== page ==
Monday, May 2, 2016

Don's Blog Gravitational Waves 5-2-16

A friend friend on my Flower List was excited to tell me that his son was part of the LIGO team that announced in February that
they had detected gravitational waves. He has been working on the project for over 25 years.
This is what I found about:

The Detection of Gravitational Waves
A century after they were proposed in Einstein's theory of general relativity, scientists have finally verified that gravitational waves and black holes exist. In the announcement in Washington in January, scientists from Caltech, MIT, and the LIGO Scientific Collaboration presented evidence of their discovery.
In the early hours of September 14, 2015, during an engineering test a few days before the official search was to begin, aLIGO's two detectors recorded a very characteristic signal.
"It was exactly what you would expect from Einstein's general relativity from two black holes spiralling and merging together," said Reitze. "It took months of careful checking and rechecking to make sure what we saw was something that was a gravitational wave. We've convinced ourselves that's the case."
"This is not just the detection of gravitational waves. What's really exciting is what comes next. Four hundred years ago, Galileo turned a telescope to the sky and opened the era of modern observational astronomy. I think we're doing something equally important here today. I think we're opening the window of gravitational astronomy."
Gravitational waves are ripples in the fabric of spacetime, created when two massive objects – such as black holes or neutron stars – hurtle around each other at extremely high speeds and collide. First put forward 100 years ago as a consequence of Albert Einstein's theory of general relativity, they have challenged theorists and experimentalists alike as one of the few elements of the theory that had not been experimentally proven. Until now.
LIGO, a system of two identical interferometers constructed to detect the tiny vibrations of passing gravitational waves, was conceived and built by MIT and Caltech researchers, funded by the US National Science Foundation.
The original LIGO experiment ran from 2002 to 2010 as a proof of concept. After significant upgrades to the detectors in Louisiana and Washington, Advanced LIGO did its first observation run in September 2015.
The first detection, at the Louisiana observatory, had a peak value of 10-21 metres. "For four kilometres [the length of the LIGO detector], that's a tiny, tiny fraction of a proton diameter. That's incredibly tiny," said González.
"We know it's real, because seven milliseconds later, we saw the same thing in the Hanford detector. This is it. This is how we know we have gravitational waves."
The signals exactly match what Einsteinian gravitation predicts for the merger of two black holes. The signals also indicate the wave carried three solar masses of energy. The signal is so strong, the researchers reported in a paper published in Physical Review Letters, that it exceeds the "five sigma" standard of statistical significance physicists use to claim a discovery.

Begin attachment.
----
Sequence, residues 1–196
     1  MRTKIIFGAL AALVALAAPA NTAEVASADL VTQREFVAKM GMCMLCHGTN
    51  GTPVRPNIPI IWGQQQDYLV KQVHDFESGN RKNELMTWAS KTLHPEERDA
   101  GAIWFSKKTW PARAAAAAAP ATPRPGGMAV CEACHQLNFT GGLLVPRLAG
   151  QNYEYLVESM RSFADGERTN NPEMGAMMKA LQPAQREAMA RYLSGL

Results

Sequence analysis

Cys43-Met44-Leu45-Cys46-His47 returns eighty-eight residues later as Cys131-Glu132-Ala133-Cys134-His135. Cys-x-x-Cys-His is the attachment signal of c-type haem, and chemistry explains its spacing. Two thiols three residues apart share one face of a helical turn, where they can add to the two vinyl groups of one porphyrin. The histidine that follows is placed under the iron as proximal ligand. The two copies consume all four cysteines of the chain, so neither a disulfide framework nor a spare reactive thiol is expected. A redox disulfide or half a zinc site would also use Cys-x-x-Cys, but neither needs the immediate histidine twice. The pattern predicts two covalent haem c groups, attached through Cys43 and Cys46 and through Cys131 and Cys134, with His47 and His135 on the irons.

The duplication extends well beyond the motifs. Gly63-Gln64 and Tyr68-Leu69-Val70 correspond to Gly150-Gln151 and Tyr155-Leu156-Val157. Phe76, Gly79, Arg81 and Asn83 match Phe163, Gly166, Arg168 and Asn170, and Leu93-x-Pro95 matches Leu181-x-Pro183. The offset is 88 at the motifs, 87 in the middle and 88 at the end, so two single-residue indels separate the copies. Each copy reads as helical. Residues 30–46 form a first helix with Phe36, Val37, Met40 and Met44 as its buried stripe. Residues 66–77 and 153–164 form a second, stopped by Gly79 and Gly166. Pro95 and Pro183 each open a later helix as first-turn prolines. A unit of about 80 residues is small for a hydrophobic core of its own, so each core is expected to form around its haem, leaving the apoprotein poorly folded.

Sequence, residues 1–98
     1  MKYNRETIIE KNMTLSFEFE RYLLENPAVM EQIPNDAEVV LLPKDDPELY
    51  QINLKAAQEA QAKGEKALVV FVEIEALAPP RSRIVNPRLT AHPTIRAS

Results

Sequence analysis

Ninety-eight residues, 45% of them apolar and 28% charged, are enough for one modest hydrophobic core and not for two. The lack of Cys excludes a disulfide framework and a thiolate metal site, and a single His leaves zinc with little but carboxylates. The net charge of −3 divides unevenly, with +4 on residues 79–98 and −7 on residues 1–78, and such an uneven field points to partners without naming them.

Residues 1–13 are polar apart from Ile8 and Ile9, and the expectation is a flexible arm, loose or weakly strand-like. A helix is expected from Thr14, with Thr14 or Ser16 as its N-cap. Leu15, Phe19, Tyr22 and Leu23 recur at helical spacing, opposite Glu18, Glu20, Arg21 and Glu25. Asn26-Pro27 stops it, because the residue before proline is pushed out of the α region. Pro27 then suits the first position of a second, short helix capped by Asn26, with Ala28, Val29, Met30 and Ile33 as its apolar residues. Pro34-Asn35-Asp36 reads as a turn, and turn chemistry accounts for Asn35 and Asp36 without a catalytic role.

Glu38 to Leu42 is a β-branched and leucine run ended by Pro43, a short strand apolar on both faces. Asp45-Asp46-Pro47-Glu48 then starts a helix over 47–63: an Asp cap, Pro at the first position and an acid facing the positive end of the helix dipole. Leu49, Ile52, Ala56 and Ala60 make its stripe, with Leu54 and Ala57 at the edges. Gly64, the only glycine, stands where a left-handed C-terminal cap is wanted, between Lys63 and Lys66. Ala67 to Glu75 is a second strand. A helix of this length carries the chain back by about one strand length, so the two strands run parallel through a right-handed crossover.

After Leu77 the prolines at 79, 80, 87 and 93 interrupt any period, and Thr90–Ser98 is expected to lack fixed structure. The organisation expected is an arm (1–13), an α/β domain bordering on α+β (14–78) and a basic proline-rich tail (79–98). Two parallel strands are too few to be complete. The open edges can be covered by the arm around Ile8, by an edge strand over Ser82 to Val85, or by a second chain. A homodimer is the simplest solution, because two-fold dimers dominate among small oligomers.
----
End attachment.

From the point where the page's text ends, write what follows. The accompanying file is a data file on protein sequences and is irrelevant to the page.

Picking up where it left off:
"The LIGO measurement is a spectacular confirmation of not just one, but two of the key predictions of Einstein's theory of gravity: the existence of gravitational waves and black holes," Turok said. "Einstein developed his theory based on clues from experiment and prior theories, but even more on a remarkable intuition that gravitation is due to the bending of spacetime. A full century later, we're seeing his predictions verified with exquisite precision."
Even more than verifying Einstein, LIGO's detection of gravitational waves provides science with a new tool with which to potentially answer many more basic questions.
And it might lead researchers to the next great scientific theory, Perimeter researcher Luis Lehner said during the "Ripple Effects" panel hosted by Perimeter following the LIGO announcement. "When we can get more and more data, we might be able to see departures [from what is expected], and that may guide us in what replaces relativity," he said.
As more gravitational wave detectors come online in the next few years, scientists will be able to glean increasingly rich information about the universe around us. "That will give us a very important network that will allow us to ... reduce serendipity from astronomy, at least for some sources," Lehner said.
Dark-universe-banner
For many scientists, the most exciting prospect is that gravitational wave astronomy could enable researchers to probe the "dark" universe: objects and forces that don't absorb, reflect, or emit light, yet make up 96 percent of the universe.
Perimeter Associate Faculty member Avery Broderick said this is a seismic shift in astronomy, which has been studying the light side of the universe for 10,000 years.
"When we get this new window on the universe, history and experience has shown us that we find something totally different, something totally unexpected. This has happened over and over again in astronomy, where we've opened up windows in the X-ray and the radio, and we see a totally different universe," Broderick said.
"I would be shocked if we don't see the same thing when we look with gravitational eyes, and see the gravitational wave universe as totally different. This is going to be absolutely critical to understanding how the dark universe and the light universe fit together."
The Daily Galaxy via The Perimeter Institute
Image credit: Binary black hole wikimedia.org/wikipedia/commons 


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